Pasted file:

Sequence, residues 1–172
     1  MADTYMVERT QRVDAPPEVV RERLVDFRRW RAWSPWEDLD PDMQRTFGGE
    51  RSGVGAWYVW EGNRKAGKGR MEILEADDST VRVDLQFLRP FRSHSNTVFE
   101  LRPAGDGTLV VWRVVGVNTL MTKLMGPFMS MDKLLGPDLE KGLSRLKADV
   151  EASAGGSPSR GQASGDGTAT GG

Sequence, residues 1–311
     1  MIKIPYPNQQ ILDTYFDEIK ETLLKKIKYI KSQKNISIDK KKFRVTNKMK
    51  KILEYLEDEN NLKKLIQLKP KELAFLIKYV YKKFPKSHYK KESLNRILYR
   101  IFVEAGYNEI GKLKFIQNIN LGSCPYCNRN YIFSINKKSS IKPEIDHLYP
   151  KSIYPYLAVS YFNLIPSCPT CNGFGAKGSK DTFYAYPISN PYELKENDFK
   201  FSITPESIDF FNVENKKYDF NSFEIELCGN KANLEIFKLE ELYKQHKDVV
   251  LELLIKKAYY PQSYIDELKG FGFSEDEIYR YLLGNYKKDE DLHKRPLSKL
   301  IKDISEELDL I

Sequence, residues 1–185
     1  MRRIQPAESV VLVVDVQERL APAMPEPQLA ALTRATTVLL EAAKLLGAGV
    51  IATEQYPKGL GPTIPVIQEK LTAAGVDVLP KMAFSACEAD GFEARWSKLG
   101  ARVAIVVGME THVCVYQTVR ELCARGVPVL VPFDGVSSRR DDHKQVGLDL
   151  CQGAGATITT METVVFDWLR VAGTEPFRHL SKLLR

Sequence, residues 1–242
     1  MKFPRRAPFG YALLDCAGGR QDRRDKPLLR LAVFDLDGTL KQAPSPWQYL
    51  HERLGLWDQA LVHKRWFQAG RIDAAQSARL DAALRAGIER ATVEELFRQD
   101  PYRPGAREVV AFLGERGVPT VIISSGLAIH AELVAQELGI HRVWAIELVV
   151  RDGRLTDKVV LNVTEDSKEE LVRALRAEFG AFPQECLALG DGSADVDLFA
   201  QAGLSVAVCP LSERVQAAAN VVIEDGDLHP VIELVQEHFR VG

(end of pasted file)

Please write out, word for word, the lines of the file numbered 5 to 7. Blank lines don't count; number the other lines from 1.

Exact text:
   151  EASAGGSPSR GQASGDGTAT GG

Sequence, residues 1–311
     1  MIKIPYPNQQ ILDTYFDEIK ETLLKKIKYI KSQKNISIDK KKFRVTNKMK